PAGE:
04:14 Barnie discusses the importance of cantorial singing in South African synagogues.
05:20 Barnie describes some of the synagogues and their primary influences from Lithuania and Germany.
06:24 Barnie recounts his first experience at a Toronto synagogue for the High Holidays.
08:13 Monty recounts his first experience at a Toronto synagogue for Rosh Hashanah and how it served as a catalyst to establish a synagogue that would feel more comfortable.
09:47 Barnie describes funeral traditions in South Africa. He contrasts these practices with his personal experience in Toronto.
14:19 Barnie and Monty discuss the early attempts to establish services to meet the needs of their South African Jewish community.
18:21 Barnie highlights the importance of having a separate section in the cemetery in order to maintain South African burial practices.
19:23 Barnie and Monty discuss the role played by Bernard Isaacs in the formation of the synagogue.
Part 2:
00:00 Barnie discusses some of the earliest founders and promoters of the synagogue: Rabbi Whitty, Kurt Rothschild, Harvey Hecker, ?Bernie Gert. He describes fundraising efforts.
01:19 Monty explains how the property for the synagogue was purchased.
03:23 Barnie describes the acquisition of the aron kodesh, pews, and prayer books from an Ontario synagogue donation and from membership donations.
04:25 Monty discusses the limited financial resources of new South African immigrants. Financial support for the synagogues came from membership donations.
05:20 Monty notes that the synagogue attracted a number of Jews who moved from Montreal.
06:26 Barnie discusses the synagogue's first rabbi, Rabbi Feldman.
07:50 Barnie discusses resistance to the synagogue from Jewish neighbours.
09:36 The synagogue's name, Kehillah Shaarei Torah, was the name of Rabbi Feldman's congregation in Syracuse. Barnie and Monty reminisce about Rabbi Feldman.
12:55 The synagogue was incorporated in November 1980.
14:45 Barnie describes the operation of the synagogue before a building was constructed.
19:13 Monty recalls that Beth Tikvah Synagogue lent them Torahs.
19:51 Barnie reminisces about the first Rosh Hashanah in their new building.
20:48 Barnie recounts how the synagogue received a generous donation from the Reichman family.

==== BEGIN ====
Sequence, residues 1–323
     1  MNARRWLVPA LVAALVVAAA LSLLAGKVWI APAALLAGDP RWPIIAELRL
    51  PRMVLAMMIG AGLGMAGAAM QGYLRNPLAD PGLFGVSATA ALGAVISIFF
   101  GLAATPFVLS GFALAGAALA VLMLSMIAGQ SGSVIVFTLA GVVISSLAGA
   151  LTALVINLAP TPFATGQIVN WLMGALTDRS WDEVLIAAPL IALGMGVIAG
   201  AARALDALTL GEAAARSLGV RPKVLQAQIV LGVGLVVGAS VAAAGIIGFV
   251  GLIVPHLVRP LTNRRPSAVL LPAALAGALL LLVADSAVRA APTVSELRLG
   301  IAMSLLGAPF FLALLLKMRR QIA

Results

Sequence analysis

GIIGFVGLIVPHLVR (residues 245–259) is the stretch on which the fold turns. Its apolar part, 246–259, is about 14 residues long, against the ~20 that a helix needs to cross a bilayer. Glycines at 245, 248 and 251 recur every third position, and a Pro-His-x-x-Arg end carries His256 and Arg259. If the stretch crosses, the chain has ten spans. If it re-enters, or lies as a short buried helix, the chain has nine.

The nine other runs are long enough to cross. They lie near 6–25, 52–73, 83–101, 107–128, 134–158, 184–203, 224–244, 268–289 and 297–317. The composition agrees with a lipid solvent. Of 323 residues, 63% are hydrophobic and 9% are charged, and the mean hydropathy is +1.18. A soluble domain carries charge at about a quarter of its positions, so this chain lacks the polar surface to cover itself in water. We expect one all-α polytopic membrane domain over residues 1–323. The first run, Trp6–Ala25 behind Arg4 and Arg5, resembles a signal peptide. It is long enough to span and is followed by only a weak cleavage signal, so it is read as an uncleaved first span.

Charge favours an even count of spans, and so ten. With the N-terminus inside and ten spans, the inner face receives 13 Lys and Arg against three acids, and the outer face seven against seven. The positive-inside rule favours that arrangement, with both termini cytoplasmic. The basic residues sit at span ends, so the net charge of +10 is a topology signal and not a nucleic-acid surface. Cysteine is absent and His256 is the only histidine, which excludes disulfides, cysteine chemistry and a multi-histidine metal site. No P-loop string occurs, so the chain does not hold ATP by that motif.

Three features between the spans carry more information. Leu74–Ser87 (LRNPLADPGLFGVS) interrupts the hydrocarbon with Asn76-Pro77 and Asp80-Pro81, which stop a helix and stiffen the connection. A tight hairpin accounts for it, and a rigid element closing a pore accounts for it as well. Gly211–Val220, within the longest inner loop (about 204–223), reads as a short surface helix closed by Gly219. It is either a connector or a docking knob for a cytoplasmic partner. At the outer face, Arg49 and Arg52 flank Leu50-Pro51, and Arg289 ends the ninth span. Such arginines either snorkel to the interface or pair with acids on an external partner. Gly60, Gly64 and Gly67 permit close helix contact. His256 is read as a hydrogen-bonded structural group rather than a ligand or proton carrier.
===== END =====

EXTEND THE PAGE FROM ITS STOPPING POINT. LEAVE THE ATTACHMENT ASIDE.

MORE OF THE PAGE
Part 4:
00:00 Monty lists the rabbis who served the synagogue.
00:26 Barnie recounts a humorous incident about meeting a new rabbi.
02:50 Barnie and Monty discuss Rabbi Tradburks and his contribution to the synagogue and the greater Jewish community in Toronto.
09:29 Barnie discusses an attempt to change the synagogue's direction from Orthodox to Conservative.
10:28 Barnie and Monty continue to reminisce about Rabbi Tradburks.
Part 5:
00:00 Monty discusses Rabbi Joel Kanofsky.
02:40 Barnie identified demographics as a concern for the continuity of the synagogue.
04:50 Barnie continues to discuss membership. Membership has remained relatively steady at a 220-230 family core.
06:00 Barnie and Monty discuss outreach methods and various synagogue services, education, and events.
11:00 Barnie discusses some humorous incidents involving their group of four friends, including a Purim skit and a birthday gag.
18:17 Barnie discusses Rabbi Tradburk's involvement in the formation of the Coby Mandel Foundation, a support group for youth in Israel who have lost family members as a result of terrorism.
Part 6:
00:00 Barnie discusses changes that are occurring in the synagogue with a change of demographics and new membership.
02:24 Monty raises concerns about loss of membership.
04:18 Monty lists some programs and services offered in the synagogue, including a youth program.
04:43 Barnie discusses the current status of the synagogue. He cites some of the problems with the existing synagogue (e.g. no elevator, lack of parking, no banquet hall).
07:34 Barnie mentions the synagogue on Green Lane, another synagogue with a large South African membership.
08:44 Barnie describes the process of hiring a new rabbi for their synagogue.
Source
Oral Histories

https://player.vimeo.com/video/232091886?

Accession Number
1976-7-9
Source
Archival Accessions
Accession Number
1976-7-9
Material Format
textual record
Physical Description
1 folder of textual records
Date
1927-1962
Scope and Content
Accession consists of materials pertaining to the life of Saul Einhorn of Oshawa, Ontario. Included are his Canadian naturalization certificate, ketubah for his first marriage, newspaper obituaries, and a letter of condolence to his widow from the Canadian Jewish Congress.
Subjects
Ketubah
Letters
Obituaries
Name Access
Einhorn, Saul
Places
Oshawa, Ont.
St. Catharines, Ont.
Source
Archival Accessions